We all know smoking is bad for us, upping our risk of so many diseases, from periodontitis (gum disease) to heart disease, stroke, lung cancer and emphysema. It also increases the disease risk of those around us, courtesy of the effects of secondhand smoke. And recent research indicates one rather surprising disease in children that seems to be aggravated by secondhand smoke: caries, or cavities.
According to a study reported on in the latest issue of Ontario Dentist, the journal of the Ontario (Canada) Dental Association, young children exposed to cigarette smoke (“passive smoking”) had, in comparison to a control group,
- More caries;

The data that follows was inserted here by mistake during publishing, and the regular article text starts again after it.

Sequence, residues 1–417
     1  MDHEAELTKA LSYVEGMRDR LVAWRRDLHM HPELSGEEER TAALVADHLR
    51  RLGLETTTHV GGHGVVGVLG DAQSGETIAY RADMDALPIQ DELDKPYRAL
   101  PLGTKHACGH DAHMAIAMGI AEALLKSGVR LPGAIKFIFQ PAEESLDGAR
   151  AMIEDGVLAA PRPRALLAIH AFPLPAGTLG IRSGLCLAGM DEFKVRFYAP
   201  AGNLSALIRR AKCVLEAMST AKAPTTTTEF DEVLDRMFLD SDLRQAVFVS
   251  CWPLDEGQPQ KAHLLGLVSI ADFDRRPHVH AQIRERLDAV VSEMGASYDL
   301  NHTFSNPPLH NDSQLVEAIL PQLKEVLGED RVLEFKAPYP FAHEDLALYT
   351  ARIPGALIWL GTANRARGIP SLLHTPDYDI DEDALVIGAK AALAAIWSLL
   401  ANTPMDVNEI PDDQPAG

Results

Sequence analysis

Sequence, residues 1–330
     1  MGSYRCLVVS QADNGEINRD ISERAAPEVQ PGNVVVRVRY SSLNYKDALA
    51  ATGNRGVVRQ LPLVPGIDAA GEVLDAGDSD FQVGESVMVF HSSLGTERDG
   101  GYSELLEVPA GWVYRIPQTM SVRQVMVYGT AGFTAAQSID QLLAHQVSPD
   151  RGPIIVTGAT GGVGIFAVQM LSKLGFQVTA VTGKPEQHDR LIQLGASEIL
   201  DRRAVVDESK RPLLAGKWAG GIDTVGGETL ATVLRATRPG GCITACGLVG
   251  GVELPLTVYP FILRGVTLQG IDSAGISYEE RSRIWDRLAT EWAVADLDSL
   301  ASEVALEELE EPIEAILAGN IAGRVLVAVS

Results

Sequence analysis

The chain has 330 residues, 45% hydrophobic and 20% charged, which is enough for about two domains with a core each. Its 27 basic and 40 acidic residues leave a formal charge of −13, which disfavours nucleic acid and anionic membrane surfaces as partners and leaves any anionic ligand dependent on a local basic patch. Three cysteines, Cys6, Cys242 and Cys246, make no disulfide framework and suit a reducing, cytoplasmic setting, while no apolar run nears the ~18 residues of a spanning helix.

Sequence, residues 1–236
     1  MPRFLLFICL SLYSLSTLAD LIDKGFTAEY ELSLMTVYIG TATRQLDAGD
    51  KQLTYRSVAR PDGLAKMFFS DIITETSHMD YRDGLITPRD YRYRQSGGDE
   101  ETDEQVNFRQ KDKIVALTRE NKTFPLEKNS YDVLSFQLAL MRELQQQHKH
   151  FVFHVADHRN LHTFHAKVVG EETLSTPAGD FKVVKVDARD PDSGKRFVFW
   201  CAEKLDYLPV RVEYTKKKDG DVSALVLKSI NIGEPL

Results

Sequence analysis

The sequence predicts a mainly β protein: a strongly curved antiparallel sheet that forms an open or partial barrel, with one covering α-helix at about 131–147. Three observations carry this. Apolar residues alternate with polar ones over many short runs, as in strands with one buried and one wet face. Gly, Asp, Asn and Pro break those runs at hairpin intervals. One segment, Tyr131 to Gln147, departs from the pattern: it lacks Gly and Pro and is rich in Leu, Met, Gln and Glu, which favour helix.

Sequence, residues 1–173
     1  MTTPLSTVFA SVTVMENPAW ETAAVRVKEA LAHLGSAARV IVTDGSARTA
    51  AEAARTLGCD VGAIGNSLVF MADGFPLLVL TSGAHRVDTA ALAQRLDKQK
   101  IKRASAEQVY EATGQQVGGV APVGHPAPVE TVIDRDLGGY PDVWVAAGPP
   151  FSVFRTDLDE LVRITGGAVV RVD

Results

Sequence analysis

- Higher counts of S mutans and lactobacilli (microbes involved in dental decay); and
- “Declines in salivary pH, flow rate and buffering capacities,” all of which contribute to the proliferation of dental biofilm (“plaque”) and, thus, tooth decay.
Moreover, the children exposed to cigarette smoke were grouped by how many cigarettes were smoked in their home daily. Those in households that smoked most “showed different dose-response relationships between cotinine level and number of cigarettes smoked,” continine being a primary metabolite of nicotine that is easily measured in body fluids.
This study was originally published in Archives of Oral Biology (2008), and you can read the abstract here.
The moral of the story? It’s the usual one: if you smoke, quit; and if you can’t or won’t, at least don’t smoke around other adults without their permission, and don’t smoke around kids at all.
Quit smoking resources from the CDC
Natural remedies to help you quit smoking from About.com